The allegedly unsuitable sales of UITs and floating-rate loan funds led to a $1.7 million fine for another firm.5 The firm also was ordered to reimburse the affected customers $1.9 million. FINRA found that the firm’s representatives recommended these investments to investors who had conservative risk tolerances and little to no investment experience. FINRA also noted that the firm did not reasonably supervise the sales of UITs and floating-rate loan funds. The firm allegedly failed to provide adequate training to its representatives about the risks and suitability of UITs and floating-rate loan funds. This led to nearly 260 UIT recommendations to customers with conservative risk profiles and little investment experience. When speaking about this case, Mr. Bennett emphasized the increasing use of complex products in recent years and noted that it is “incumbent upon firms to properly train and provide guidance to their brokers about the products that they sell and supervise the sales practices of their brokers.”
Another firm was fined $350,000 for its sales of CMOs and ordered to pay $206,000 in restitution to investors.6 FINRA alleged that the firm, which had only five registered personnel, charged excessive markups when selling CMOs and did not have reasonable procedures in place to monitor the suitability of CMO sales to retail customers. There were no procedures that addressed how representatives were to determine the suitability of potential purchases of inverse floater CMOs. This led to the purchase of these securities by customers who did not understand the risks and who had moderate-risk profiles. A FINRA notice had previously indicated that inverse floaters should be sold only to customers with a high-risk profile, but the firm did not inform its representatives of this requirement.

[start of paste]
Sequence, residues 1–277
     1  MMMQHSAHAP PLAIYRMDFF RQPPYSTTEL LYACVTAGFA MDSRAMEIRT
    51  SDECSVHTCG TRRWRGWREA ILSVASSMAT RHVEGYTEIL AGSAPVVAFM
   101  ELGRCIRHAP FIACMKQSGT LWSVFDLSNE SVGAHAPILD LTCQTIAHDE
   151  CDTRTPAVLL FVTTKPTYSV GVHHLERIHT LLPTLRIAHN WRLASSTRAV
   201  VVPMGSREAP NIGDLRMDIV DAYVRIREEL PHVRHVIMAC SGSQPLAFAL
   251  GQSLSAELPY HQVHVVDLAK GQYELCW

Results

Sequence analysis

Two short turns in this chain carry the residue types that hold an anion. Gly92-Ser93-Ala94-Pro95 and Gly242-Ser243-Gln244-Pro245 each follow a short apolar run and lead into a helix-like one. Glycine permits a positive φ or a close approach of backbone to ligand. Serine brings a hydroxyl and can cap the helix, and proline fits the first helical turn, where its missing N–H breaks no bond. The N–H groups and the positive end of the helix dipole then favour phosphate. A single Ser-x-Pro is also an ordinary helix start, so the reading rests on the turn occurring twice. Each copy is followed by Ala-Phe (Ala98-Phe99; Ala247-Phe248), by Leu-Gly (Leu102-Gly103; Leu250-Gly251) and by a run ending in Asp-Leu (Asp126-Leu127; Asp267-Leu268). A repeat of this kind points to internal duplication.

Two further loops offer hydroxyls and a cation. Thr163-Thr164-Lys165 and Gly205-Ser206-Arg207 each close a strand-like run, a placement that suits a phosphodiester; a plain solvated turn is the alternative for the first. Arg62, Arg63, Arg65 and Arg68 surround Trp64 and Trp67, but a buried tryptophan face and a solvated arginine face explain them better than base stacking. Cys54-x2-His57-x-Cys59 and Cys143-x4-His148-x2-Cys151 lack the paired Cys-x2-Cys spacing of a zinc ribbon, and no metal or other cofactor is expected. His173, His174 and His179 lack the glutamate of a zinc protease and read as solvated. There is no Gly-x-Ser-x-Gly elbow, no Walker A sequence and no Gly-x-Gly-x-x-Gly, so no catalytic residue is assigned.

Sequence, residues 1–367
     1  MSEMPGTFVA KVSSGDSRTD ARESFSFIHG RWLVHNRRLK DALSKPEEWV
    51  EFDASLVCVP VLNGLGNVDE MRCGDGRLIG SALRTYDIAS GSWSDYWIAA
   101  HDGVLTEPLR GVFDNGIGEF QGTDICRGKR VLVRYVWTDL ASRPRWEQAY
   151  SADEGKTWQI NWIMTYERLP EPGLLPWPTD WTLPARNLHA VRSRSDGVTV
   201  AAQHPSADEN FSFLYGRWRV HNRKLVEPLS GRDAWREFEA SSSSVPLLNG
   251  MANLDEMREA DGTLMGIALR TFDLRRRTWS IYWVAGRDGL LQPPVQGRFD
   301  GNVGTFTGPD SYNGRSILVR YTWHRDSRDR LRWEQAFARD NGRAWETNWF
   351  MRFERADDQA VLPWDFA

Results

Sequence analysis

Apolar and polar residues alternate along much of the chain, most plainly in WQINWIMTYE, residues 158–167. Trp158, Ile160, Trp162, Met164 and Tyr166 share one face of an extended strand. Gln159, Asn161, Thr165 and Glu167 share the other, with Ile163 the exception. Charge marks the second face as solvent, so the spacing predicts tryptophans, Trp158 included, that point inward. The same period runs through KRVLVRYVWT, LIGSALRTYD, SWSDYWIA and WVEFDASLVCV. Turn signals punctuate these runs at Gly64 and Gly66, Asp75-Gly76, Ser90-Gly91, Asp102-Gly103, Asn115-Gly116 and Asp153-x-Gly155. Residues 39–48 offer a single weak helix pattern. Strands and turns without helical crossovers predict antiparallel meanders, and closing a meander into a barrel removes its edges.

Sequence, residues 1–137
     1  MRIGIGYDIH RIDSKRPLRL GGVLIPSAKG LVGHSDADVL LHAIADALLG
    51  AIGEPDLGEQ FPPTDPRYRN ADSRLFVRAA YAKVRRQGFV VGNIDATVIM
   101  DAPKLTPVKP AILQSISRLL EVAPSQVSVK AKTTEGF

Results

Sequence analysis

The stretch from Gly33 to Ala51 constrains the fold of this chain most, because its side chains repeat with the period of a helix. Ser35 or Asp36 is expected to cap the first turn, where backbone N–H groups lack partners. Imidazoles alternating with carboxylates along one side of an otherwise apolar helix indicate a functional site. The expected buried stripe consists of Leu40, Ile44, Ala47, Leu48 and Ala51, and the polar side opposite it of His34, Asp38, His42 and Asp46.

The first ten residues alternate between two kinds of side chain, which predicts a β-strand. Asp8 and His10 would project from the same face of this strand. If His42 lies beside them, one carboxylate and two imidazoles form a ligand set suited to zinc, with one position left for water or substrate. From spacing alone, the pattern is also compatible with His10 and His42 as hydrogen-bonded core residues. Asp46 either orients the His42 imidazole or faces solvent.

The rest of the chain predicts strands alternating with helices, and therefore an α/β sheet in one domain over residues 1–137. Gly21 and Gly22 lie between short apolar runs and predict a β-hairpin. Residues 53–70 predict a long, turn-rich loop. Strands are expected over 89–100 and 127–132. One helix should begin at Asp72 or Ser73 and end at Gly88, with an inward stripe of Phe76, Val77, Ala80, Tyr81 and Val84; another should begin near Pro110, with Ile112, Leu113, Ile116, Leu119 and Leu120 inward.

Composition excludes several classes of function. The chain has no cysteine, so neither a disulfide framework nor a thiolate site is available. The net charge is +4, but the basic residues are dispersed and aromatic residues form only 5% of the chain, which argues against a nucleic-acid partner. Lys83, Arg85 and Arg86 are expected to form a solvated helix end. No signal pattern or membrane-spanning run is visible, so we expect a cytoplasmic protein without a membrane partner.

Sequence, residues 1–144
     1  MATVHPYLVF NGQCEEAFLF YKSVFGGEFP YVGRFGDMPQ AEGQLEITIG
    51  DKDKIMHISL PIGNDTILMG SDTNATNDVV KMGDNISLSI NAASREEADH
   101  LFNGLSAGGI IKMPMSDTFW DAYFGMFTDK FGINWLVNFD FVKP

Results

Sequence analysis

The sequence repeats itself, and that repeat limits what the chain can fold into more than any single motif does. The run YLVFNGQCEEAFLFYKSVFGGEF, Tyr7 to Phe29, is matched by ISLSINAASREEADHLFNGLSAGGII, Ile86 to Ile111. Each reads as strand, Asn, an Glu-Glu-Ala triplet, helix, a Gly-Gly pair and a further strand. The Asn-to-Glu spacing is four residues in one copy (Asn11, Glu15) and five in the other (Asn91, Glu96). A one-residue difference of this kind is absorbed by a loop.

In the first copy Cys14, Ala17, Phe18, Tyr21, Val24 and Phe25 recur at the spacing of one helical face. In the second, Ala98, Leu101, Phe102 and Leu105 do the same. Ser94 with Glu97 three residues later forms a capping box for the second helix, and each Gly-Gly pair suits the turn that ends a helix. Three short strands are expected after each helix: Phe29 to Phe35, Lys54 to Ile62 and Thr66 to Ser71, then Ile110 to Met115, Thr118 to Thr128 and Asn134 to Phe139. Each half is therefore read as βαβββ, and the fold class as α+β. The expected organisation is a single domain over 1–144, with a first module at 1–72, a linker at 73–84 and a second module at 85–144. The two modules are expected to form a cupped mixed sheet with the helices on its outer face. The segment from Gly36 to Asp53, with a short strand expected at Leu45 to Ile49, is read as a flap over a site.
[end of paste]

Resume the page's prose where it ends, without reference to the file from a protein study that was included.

Suitability has consistently ranked as one of the top enforcement issues for FINRA during the past five years. However, the number of suitability cases has doubled over the past two years from the numbers reported in 2009 and 2010. Firms and their representatives can likely expect that suitability will continue to be a priority for FINRA in the near future. In light of the substantial sanctions FINRA has imposed in suitability cases involving complex products, firms may wish to review their policies and procedures regarding non-traditional securities and review FINRA notices on this issue.7 As demonstrated by the above cases, smaller firms and high-level executives are not immune to severe sanctions and suspensions when suitability issues are involved.
Sutherland Analysis of FINRA Sanctions Shows Number of Enforcement
Actions Rises Slightly in 2012, Fines Jump by 15%
During the next three days, Sutherland will release analyses on the other 2012 Top Enforcement Issues, which include due diligence, research analysts and research reports, and advertising.
2 The number of cases reported and the amount of corresponding fines come from the Disciplinary and Other FINRA Actions report that FINRA publishes each month. Many of these cases also involved other allegations, making it difficult to attribute the exact amount of any particular fine to an alleged suitability violation.
3 FINRA News Release, Oct. 22, 2012, available at http://www.finra.org/Newsroom/NewsReleases/2012/P191729.
5 FINRA News Release, Nov. 15, 2011, available at http://www.finra.org/Newsroom/NewsReleases/2011/P125115.
6 FINRA Letter of Acceptance, Waiver, and Consent, Feb. 8, 2012, No. 20090177697.
7 See Complex Products, FINRA Regulatory Notice 12-03, Jan. 2012, available at http://www.finra.org/web/groups/industry/@ip/@reg/@notice/documents/notices/p125397.pdf.